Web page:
David Mamet meets Stephen Colbert and comic writer Brian Michael Bendis; interviews happen
David Mamet can write like hell (see for yourself, though you really shouldn't need to), but who knew he could also... doodle?
Mamet has collected some of his art into a graphic novel called "The Trials of Roderick Spode, The Human Ant", thereby giving Comic Book Resources a perfect opportunity to interview the renowned screenwriter / playwright / director. The assignment was handed to the comic writer most influenced by Mamet, prolific scribe Brian Michael Bendis (ULTIMATE SPIDER-MAN, AVENGERS, etc.).
The discussion covers Mamet's personal history with comics, his favorites ("After Batman and Superman, it's Green Lantern and the Flash and Plastic Man. Those kinds of guys."), how he got into drawing and its practical application to filmmaking. A sample:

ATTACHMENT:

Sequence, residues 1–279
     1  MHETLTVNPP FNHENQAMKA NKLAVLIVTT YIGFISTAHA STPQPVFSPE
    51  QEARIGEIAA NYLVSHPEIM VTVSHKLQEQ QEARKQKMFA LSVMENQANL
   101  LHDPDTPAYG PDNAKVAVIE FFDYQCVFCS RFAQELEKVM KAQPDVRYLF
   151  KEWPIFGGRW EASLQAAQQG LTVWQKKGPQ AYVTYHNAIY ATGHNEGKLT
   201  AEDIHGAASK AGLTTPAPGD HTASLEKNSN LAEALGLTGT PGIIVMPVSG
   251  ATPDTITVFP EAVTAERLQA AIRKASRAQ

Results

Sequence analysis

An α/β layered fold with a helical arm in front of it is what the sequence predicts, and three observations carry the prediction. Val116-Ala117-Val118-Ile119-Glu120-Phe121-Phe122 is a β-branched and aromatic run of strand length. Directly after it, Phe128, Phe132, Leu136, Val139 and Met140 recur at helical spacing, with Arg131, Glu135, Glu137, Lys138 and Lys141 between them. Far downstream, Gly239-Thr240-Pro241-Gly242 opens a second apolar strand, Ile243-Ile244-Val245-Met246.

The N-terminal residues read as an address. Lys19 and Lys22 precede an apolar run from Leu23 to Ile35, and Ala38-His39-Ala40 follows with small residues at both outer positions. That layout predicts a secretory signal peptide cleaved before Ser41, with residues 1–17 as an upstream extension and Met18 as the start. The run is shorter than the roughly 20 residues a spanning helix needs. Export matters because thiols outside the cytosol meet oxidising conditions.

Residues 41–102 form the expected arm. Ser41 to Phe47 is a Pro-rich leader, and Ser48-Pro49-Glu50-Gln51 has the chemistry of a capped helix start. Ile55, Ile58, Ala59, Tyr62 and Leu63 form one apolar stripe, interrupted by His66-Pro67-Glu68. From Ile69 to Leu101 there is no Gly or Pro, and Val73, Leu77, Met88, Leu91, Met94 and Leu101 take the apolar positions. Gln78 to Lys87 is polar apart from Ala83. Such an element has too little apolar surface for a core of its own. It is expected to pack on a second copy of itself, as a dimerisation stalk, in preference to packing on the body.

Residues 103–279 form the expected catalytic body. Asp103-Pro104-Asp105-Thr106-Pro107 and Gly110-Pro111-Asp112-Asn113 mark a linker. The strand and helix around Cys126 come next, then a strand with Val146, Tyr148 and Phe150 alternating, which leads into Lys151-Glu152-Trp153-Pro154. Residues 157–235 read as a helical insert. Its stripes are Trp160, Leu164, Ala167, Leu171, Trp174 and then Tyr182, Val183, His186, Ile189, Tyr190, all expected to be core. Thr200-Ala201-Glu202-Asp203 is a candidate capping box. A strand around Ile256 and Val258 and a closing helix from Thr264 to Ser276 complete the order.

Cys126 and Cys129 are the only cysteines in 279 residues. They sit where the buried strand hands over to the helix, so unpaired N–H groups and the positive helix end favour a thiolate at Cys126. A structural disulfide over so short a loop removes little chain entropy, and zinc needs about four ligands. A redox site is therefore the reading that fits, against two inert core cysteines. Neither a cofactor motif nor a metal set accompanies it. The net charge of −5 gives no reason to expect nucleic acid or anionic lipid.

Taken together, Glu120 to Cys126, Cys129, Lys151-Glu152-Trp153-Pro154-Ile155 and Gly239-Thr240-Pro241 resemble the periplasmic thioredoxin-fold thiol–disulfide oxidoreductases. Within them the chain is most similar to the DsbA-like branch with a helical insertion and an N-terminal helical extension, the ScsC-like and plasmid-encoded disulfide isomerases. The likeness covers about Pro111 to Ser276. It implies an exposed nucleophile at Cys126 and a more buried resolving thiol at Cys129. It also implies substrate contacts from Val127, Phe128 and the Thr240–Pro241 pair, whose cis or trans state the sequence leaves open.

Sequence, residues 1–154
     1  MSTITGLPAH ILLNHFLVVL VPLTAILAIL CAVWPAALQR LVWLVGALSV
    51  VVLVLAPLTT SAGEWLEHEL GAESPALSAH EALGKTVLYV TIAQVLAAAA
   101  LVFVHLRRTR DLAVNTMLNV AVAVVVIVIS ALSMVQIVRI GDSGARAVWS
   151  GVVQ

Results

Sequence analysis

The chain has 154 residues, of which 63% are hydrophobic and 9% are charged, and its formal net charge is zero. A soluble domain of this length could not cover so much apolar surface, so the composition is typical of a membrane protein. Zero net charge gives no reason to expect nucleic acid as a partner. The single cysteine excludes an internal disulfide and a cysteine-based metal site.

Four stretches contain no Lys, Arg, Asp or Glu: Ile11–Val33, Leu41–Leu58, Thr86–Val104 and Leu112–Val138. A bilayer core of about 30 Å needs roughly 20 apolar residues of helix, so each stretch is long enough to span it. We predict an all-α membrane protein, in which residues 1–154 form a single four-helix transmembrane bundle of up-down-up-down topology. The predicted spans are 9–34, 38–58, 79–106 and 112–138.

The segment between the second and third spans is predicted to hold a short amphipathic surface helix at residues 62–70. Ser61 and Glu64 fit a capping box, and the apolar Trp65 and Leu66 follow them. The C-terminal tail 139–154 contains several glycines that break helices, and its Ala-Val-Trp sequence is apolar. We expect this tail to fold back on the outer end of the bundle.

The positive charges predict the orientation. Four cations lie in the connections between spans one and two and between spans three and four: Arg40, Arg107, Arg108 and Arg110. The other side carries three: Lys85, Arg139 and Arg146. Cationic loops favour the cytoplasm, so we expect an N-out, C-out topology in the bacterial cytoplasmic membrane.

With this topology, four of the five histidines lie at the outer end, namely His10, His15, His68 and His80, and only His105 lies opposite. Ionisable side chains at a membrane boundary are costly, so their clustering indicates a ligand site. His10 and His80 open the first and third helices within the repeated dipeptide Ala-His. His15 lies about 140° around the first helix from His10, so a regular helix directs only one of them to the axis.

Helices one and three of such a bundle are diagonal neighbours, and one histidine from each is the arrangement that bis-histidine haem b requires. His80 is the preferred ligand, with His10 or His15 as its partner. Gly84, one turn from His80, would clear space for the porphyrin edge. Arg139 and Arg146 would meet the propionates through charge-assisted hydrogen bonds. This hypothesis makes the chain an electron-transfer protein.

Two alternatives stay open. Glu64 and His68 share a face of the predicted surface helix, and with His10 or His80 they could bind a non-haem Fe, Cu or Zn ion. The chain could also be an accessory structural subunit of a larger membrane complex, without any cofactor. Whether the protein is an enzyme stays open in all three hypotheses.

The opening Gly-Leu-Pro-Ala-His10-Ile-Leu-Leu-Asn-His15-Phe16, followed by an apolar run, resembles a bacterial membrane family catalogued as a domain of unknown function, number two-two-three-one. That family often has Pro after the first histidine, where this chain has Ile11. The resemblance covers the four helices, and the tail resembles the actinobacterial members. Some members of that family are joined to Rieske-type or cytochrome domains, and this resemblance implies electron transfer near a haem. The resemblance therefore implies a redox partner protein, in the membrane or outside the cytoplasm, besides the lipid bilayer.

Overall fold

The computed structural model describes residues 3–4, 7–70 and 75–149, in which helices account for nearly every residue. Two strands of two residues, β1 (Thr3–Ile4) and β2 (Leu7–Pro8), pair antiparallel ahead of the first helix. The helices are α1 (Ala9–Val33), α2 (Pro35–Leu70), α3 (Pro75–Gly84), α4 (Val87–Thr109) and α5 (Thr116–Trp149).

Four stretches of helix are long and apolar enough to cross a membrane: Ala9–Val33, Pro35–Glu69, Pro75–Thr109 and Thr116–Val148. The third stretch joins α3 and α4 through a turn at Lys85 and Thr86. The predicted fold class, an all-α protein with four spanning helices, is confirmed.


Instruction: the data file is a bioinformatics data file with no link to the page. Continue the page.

Bendis: Now, the book we're talking about is "The Trials of Roderick Spode, 'The Human Ant.'" And it's a satire of the superhero genre I'd say, on one level.
Mamet: I think it's more of an homage than a satire, to my mind, the difference being that it's done with a bunch of love. When I was a kid, there was a book I'm sure you've heard of called "The Seduction of the Innocent" that came out in the '50s, so the whole idea was just like Doctor Spock telling parents, "Comic books are bad for you." Of course, we kids knew differently, and as an ex-kid I continue to know differently now. I have nothing but love for comic books.
Check out the whole interview HERE.
Mamet also stopped by "The Colbert Report" last week to discuss his latest play (starring Dennis Haysbert and Eddie Izzard), only to declare the "death" of theater and announce the uselessness of directors. One thing about Mamet: he's always candid.
|The Colbert Report||Mon - Thurs 11:30pm / 10:30c|
|Extra Tidbit:||One of Mamet's regulars, actor/magician Ricky Jay, should be in every movie.|